Ivan V. Lalić


An Inventory of Moonlight

Translated by the poet

An Istrian moon
Stained with salt and the west wind,
Over the lean and dark green slopes
Gnawed by the were-air of equinox,

A moon which might have been a match
Struck on the stairs of a Belgrade house
Razed to the ground sixteen years ago,

A house razed sixteen years ago,
A house inhabited by tainted fire and children
Who turned, as legend tells, into angels,

An angel, a smile emerging from the ashes
Like a leaf from a tree, defenceless;
The angel rehearsing a gesture on his wall
For centuries, with unknown intent,

The gesture I make in sleep to ward off the birds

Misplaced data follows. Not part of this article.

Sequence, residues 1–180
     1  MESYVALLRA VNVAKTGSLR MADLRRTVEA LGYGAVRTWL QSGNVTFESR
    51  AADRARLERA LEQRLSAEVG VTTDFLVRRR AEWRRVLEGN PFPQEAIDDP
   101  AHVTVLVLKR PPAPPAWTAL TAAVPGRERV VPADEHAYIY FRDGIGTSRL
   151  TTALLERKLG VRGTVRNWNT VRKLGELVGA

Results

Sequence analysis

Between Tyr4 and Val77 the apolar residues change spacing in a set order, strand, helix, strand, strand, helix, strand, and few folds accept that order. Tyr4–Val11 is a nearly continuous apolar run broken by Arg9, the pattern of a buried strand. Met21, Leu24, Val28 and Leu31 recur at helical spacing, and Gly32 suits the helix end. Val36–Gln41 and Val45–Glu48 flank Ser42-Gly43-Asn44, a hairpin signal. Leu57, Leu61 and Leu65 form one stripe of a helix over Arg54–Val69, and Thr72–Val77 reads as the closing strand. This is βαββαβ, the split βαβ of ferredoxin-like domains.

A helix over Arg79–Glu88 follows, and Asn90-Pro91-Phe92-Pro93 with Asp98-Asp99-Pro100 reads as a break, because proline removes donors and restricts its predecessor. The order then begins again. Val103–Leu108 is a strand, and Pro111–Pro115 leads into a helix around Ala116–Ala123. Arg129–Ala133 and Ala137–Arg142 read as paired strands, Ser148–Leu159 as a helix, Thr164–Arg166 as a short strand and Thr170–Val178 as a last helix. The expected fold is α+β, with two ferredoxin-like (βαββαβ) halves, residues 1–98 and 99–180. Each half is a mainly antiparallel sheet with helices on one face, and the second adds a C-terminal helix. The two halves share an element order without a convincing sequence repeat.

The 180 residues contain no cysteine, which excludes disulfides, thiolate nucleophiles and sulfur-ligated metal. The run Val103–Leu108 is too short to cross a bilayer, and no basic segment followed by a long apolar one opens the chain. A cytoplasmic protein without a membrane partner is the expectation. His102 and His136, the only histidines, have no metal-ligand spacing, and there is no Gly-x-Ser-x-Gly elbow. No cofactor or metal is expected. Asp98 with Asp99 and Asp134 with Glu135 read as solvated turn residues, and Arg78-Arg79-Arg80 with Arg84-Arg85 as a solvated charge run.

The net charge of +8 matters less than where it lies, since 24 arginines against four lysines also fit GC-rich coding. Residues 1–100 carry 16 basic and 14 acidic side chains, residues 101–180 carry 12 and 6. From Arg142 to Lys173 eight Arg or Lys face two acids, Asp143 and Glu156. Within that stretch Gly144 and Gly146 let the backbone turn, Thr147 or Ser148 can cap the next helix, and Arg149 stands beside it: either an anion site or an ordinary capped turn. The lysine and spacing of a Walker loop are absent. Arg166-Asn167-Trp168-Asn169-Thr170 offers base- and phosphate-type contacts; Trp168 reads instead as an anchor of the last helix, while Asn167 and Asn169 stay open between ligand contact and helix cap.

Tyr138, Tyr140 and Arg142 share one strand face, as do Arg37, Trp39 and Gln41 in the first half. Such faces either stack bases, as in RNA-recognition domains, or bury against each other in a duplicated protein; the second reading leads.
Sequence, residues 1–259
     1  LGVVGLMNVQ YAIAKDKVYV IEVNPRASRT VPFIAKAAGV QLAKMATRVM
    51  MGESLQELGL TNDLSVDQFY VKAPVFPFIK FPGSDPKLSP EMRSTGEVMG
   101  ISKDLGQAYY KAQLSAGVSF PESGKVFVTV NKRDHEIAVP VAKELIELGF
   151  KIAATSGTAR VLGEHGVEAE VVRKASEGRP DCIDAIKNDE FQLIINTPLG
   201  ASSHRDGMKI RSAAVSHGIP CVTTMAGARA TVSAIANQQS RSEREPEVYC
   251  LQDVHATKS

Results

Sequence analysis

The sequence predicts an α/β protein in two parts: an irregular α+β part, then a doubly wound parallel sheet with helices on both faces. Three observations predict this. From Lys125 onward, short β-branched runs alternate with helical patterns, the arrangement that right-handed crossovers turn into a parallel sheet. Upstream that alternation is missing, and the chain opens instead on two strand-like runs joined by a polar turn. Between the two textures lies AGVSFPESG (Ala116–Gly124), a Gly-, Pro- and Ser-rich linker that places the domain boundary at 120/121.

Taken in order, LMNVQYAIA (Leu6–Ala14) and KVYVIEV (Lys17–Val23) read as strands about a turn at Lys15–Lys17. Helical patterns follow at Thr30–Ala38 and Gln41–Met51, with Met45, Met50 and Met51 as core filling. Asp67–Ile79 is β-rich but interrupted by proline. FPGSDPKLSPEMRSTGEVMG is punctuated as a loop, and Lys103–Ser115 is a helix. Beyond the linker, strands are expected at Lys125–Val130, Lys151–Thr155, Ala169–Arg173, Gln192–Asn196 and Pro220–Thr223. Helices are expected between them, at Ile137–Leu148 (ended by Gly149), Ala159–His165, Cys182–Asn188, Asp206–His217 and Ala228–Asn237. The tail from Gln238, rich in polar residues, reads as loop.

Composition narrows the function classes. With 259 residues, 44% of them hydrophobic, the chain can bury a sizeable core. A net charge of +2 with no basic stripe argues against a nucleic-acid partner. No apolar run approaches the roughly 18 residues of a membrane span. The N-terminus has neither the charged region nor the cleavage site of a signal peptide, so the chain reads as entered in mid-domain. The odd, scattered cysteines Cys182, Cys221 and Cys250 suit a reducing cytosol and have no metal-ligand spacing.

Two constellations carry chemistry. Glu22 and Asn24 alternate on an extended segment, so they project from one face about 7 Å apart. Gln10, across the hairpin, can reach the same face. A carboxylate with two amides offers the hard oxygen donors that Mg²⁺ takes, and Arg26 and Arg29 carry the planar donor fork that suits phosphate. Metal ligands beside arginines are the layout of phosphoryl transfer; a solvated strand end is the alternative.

Liming the wet carbide and singing like machine-guns
When, drenched in sweat, I want to wake in a garden,

A garden turned in compassion towards the sea
And steeped in the blue anaesthetic of afternoon shadows;
The old lace of light, yellowing and frayed,
And the sea’s fire between the trees,

A tree in the wind, half fire already,
A tree which seems to resemble the name
I’ve long been inventing for you, my love, in vain –

In a razed house, in dust, in wind,
In the years, in fire, gardens,
Yesterday, today, and tonight,
Lit like a match:

In the gnawing air of equinox
Over the lean and dark green slopes,
Stained with salt and the west wind,
An Istrian moon.

Notes on this poem

Please note that this translation is a subsequent translation by Francis R. Jones, included in A Rusty Needle (Anvil, 1996) and published by permission of Francis R. Jones and Anvil Press, rather than the original translation by the author.